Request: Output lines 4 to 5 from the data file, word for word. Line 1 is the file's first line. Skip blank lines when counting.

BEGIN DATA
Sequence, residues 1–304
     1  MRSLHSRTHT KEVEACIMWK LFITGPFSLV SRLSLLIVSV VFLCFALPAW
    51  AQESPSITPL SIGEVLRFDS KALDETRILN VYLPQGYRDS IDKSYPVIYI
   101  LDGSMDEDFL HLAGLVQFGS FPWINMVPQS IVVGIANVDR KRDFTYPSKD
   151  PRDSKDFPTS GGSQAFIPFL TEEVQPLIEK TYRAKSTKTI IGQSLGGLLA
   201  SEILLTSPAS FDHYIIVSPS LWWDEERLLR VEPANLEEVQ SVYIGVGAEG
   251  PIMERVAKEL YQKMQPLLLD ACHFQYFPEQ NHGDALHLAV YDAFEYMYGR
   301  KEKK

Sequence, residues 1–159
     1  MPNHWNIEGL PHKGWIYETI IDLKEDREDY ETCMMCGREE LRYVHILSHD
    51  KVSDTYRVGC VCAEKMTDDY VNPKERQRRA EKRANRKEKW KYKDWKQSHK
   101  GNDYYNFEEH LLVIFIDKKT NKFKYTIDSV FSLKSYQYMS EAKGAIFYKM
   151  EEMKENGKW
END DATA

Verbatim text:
   101  LDGSMDEDFL HLAGLVQFGS FPWINMVPQS IVVGIANVDR KRDFTYPSKD
   151  PRDSKDFPTS GGSQAFIPFL TEEVQPLIEK TYRAKSTKTI IGQSLGGLLA